Alexandra Whittington is a futurist, writer, faculty member on the Futures programme at the University of Houston and foresight director at Fast Future. She is a contributor to The Future of Business and a co-editor for forthcoming books on Unleashing Human Potential – The Future of AI in Business and 50:50 – Scenarios for the Next 50 Years. Fast Future publishes books from future thinkers around the world exploring how developments such as AI, robotics and disruptive thinking could impact individuals, society and business and create new trillion-dollar sectors.

Further learning

The Future of Business: Critical Insights into a Rapidly Changing World from 60 Future Thinkers by Rohit Talwar

9 Replies to “Preparing for Hybrid Schools and Jobs”

  1. Hybrid job, hybrid education and blockchain. These are new terms to me. Seems very interesting 🙂 I’ll probably read up more on this. I’m currently trying to figure out what to do with my life and I’ve got too many interests. This is definitely catching my attention 🙂

    Liked by 1 person

  2. 4IR has made disruptive change the driving force influencing education and the future of work. For young people, work is not a job anymore, it is an ongoing process of continuous learning, adaptive skillsets, and flexibility. Will the majority of youth entering the working world in 2020 be freelancers throughout their lives? Many feel that this is more likely than not.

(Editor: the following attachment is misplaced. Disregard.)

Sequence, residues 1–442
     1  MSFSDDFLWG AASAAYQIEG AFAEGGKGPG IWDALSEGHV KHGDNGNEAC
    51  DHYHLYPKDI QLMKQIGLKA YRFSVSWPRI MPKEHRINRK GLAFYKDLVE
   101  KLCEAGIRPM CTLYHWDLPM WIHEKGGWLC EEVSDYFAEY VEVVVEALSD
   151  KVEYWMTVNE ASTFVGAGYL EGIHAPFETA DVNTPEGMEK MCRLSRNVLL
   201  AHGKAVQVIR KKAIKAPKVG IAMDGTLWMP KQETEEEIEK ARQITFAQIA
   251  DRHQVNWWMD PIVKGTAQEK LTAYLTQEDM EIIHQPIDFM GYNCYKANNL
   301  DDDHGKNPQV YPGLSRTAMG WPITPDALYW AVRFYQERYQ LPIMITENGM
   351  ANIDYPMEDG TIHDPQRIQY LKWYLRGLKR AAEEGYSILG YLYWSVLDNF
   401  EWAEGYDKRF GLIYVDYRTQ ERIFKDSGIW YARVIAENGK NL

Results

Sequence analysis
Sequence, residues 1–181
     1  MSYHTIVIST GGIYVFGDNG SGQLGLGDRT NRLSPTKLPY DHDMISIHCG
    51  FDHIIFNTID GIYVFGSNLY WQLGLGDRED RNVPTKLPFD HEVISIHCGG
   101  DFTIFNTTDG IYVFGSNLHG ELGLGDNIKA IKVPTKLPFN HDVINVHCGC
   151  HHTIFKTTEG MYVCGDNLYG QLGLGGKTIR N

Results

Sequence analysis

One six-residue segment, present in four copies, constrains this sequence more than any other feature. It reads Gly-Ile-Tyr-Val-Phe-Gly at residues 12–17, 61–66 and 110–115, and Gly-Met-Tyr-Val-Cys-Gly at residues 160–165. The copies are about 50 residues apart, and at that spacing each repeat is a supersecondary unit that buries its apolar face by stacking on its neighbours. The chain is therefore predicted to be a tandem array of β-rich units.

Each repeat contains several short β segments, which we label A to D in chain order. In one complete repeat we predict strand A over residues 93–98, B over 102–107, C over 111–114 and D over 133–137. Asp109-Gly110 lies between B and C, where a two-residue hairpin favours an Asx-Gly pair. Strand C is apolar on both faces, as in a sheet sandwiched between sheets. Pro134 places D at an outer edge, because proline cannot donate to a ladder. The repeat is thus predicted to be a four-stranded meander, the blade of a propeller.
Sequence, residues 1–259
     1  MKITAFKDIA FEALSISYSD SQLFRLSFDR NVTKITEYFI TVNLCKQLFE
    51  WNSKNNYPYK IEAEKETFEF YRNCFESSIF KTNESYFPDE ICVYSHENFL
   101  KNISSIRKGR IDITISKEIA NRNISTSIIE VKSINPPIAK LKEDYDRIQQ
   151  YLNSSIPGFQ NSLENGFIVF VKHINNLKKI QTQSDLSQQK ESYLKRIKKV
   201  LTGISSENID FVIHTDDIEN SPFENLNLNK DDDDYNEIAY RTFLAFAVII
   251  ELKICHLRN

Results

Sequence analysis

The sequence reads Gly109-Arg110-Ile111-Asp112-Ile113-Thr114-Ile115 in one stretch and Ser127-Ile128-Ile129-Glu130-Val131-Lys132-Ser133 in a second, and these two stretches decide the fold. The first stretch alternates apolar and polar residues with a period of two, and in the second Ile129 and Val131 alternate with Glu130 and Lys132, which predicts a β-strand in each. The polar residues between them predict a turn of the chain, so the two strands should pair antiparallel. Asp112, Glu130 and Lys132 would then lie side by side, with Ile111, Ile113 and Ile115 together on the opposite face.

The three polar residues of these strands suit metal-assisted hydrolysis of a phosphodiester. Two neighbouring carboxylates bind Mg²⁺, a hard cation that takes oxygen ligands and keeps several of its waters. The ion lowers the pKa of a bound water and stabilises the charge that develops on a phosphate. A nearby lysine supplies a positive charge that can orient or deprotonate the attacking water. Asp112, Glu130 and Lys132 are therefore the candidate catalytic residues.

3. The greatest skills to acquire in the 21st century include:
    1. Adaptability
    2. Polished interpersonal communications
    3. Writing skills
    4. Hobbies
    5. Escaping from the confines of electronic screens and virtual space


    1. The 5 skills Len mentioned are definitely crucial in educating future generations of workers and thinkers. I will give you also my Top 5:

      1. Entrepreneurship: everyone should cultivate this mindset and be ready to experience the cycle “try-fail-learn” again and again.

      2. Interpersonal skills: I definitely agree on this one. Jobs and activities with no interaction with others will be easily replaced by machines.

      3. Ethics: I feel this is something modern societies are kind of losing, and it is nevertheless necessary to define the boundaries of our objectives and purposes.

      4. Creativity and Innovation: despite what some people say, I believe these skills can be learnt and should be taught in every school.

      5. History: we should spend more energy understanding where we come from and not forget the lessons of the past if we wish to create a brighter future.


  4. We do live in 21st Century.So it is best to use whatever can help us in making good future. Even though Hybrid is something new to me. But I can say that adaptation is a must.


  5. This isn’t something I’ve ever heard of! To be honest I had to do a quick google search. I knew about hybrid cars as I work for a car hire company, but I’m interested in finding out more about hybrid jobs and skills


  6. As an ex-school teacher I couldn’t agree more about educating students to think for themselves and to relate things together. We teach children to learn things by heart but never fully understand them or grasp them. Teaching children to link things together is a great way to prepare for the future where everybody will have more than one role or jobs. Really interesting post.


  7. Hybrid……..The word alone is futuristic and scary and fantastic. The hybrid car is the only hybrid that I am aware of here in Ireland. I have no doubt that the hybrid education system will be part of the course in the near future.